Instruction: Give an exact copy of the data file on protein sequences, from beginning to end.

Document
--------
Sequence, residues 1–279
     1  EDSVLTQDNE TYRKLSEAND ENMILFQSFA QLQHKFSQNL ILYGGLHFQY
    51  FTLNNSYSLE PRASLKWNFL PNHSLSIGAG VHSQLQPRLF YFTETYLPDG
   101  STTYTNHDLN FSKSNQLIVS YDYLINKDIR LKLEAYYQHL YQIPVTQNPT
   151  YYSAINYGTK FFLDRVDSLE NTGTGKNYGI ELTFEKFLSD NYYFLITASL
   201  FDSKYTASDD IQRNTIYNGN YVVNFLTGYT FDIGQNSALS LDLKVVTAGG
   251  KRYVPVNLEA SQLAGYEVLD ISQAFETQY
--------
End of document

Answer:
Sequence, residues 1–279
     1  EDSVLTQDNE TYRKLSEAND ENMILFQSFA QLQHKFSQNL ILYGGLHFQY
    51  FTLNNSYSLE PRASLKWNFL PNHSLSIGAG VHSQLQPRLF YFTETYLPDG
   101  STTYTNHDLN FSKSNQLIVS YDYLINKDIR LKLEAYYQHL YQIPVTQNPT
   151  YYSAINYGTK FFLDRVDSLE NTGTGKNYGI ELTFEKFLSD NYYFLITASL
   201  FDSKYTASDD IQRNTIYNGN YVVNFLTGYT FDIGQNSALS LDLKVVTAGG
   251  KRYVPVNLEA SQLAGYEVLD ISQAFETQY